Even in the Twin Cities, each suburb, price point and type of home is demonstrating different fundamentals. What's also likely to happen in the next year is a significant increase in interest rates, meaning that even if the price falls 10% the increase in mortgage rates might make up for that and more.
Another important factor is that the current list price has absolutely nothing to do with what to offer. Some houses are priced so well that even today they are getting multiple offers and some houses are overpriced by 20%+ and sit for months (and years).
Further, most sellers are not going to accept the premise that since prices MIGHT fall another 10%-15% in the future that they must take it off the price now.
With all of this, making any broad statement on how much off to offer is too general to be worthwhile. What I do with my buyers to do is review the comparables for sale and the comparables that have sold and determine what it is worth today. We then discuss what they feel it is worth to them. We take the lower of the two numbers, subtract another 3%-5%, and start there with an offer.
If any of us could accurately forecast the future, we'd have all bought tankers full of gasoline last year, sold all our houses 2 years ago, cashed out of our stocks last November at their peak, and converted all of our US Currency to Euros a few years ago. Since we cannot, all we can do is work with the situation in front of us or avoid the situation completely.
I've been in my home for 7 years and am currently in negotiations for a move-up house for myself... I believe if you can secure a good house at a good price today and plan to be in it for more than a few years, any short-term downside still left in the market isn't a big concern as I'm locking in a historically low interest rate and the long-term benefits of owning real estate are clear. As someone in the business for 6 years, I'm confident in taking advantage of this market... as are most of my clients!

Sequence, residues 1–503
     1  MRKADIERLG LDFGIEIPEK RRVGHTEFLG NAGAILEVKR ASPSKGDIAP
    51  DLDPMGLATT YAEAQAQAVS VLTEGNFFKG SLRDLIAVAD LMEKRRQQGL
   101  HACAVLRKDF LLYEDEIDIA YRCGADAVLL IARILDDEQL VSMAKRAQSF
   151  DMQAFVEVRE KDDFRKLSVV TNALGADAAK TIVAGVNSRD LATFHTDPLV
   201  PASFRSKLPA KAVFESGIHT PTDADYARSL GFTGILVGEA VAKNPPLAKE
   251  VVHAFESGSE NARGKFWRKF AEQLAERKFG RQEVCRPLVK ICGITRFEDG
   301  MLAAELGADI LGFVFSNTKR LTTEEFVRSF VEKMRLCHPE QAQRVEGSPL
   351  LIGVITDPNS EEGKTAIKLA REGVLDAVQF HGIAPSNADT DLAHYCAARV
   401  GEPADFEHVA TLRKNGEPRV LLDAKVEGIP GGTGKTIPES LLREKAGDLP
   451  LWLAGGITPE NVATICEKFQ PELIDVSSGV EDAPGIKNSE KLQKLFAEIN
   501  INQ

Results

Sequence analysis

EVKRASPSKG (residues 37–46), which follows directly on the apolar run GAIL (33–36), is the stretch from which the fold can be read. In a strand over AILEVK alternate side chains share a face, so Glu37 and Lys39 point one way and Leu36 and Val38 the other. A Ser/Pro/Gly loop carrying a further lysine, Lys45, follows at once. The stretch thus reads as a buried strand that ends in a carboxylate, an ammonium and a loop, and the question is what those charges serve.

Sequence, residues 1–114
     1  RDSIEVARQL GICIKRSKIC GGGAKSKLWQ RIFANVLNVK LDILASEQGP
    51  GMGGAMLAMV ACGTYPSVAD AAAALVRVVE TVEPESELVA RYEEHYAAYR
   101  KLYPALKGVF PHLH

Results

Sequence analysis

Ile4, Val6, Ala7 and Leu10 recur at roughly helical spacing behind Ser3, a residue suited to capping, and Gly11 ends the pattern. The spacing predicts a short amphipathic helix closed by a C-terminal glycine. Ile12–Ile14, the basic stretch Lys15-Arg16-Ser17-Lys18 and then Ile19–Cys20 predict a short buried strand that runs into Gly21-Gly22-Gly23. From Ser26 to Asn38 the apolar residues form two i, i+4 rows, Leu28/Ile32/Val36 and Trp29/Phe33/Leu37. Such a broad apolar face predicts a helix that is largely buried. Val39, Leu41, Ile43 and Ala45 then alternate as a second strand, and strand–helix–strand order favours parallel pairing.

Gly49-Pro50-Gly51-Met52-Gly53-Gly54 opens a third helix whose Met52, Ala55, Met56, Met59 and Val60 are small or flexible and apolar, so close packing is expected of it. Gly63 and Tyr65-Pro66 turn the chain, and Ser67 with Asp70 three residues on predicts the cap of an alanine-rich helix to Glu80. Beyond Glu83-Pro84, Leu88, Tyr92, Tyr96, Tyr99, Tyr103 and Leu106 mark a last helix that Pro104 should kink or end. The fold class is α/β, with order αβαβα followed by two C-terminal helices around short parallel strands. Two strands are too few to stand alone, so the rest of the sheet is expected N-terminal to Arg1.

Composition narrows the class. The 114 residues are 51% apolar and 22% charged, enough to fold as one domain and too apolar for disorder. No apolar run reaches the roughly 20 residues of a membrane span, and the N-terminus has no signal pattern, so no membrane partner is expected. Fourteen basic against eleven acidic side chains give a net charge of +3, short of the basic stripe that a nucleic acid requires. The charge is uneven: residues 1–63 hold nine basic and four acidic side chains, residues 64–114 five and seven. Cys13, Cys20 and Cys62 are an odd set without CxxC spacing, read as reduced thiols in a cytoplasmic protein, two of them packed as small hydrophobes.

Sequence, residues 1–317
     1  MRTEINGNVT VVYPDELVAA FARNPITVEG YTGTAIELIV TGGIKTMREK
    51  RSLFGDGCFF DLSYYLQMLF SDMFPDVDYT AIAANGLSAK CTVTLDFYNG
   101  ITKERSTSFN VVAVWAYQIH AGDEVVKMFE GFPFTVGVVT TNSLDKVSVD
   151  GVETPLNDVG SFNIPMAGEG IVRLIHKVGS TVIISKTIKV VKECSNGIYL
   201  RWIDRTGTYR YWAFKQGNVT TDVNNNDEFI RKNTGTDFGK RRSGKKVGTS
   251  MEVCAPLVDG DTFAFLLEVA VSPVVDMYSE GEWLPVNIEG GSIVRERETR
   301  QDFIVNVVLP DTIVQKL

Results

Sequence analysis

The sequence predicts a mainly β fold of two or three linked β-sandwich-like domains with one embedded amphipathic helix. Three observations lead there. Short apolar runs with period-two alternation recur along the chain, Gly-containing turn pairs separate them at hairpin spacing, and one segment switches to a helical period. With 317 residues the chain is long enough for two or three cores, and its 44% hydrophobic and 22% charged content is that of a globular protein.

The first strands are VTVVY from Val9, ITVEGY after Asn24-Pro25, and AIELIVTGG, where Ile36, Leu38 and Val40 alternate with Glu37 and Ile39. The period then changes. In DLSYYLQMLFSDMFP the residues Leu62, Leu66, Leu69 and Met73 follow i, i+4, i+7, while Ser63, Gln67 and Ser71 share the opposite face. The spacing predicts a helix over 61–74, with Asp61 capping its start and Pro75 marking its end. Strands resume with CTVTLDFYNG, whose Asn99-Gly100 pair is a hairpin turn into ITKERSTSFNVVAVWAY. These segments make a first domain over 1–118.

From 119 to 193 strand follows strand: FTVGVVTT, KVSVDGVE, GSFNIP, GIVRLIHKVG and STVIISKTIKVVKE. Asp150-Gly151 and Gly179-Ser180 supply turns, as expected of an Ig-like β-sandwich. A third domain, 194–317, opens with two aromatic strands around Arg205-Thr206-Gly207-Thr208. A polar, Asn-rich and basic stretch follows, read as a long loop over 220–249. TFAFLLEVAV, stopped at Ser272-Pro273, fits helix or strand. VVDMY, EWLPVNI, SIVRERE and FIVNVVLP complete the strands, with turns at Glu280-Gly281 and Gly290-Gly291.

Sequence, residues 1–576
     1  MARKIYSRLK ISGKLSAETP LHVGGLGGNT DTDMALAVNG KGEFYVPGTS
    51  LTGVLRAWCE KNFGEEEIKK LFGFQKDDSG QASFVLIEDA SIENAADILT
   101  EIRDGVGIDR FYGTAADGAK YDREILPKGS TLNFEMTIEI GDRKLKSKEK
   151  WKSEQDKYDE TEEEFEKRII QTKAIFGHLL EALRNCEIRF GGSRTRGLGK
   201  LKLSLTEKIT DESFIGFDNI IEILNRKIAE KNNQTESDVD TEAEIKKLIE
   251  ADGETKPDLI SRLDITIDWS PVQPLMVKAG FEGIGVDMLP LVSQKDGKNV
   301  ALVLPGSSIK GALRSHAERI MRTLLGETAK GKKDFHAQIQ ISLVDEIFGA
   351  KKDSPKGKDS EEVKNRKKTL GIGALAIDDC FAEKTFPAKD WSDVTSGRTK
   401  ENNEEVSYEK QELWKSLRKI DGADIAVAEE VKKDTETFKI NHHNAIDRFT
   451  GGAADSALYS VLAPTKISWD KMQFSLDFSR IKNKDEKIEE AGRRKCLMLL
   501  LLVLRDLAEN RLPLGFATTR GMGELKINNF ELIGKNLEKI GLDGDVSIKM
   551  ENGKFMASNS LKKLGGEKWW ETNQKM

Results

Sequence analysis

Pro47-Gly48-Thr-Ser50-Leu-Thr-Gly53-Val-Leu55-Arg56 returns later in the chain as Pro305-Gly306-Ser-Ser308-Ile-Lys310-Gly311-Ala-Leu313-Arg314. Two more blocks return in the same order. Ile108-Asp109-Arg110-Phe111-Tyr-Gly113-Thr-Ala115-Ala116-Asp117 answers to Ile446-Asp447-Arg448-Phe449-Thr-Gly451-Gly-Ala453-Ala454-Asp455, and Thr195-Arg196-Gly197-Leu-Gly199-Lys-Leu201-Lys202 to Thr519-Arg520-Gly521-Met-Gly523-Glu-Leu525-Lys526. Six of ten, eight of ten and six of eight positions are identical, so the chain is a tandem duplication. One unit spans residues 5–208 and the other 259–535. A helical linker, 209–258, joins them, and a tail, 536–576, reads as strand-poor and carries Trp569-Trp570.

First thing you have to do is look at the market, and try to determine the fair market value of the property.
This is where either agents, or doing a lot of your own research comes in. Comparing your property you're interested in to similar properties on the market, and similar recently sold homes. Find out if you're in a declining market - and appraisers are automatically knocking a percentage off. Take that into consideration.
Once you get a number that you - and assumably your agent - feel is correct Now compare that to the
asking price. If they're in the same neighborhood, you're in business. If the asking price is much harder - things could get tricky. If the asking price is much lower, you'll probably be best to stay closer to asking.
All of this really depends on the property, and the cirumstances though. Needless to say - there is no golden rule of "X off of asking price is the way to go". Base your offer on the market value of the home, not the asking price.
If you are the only one writing an offer and the home is properly priced, I would suggest to most of my clients to consider writing an offer 5-10% less than asking. If it seems overpriced, write an offer closer to where it market analysis comes in and back up the offer with current comparable homes. If you have questions email or call me. You can find additional information by visiting my blog for a post on this exact subject below.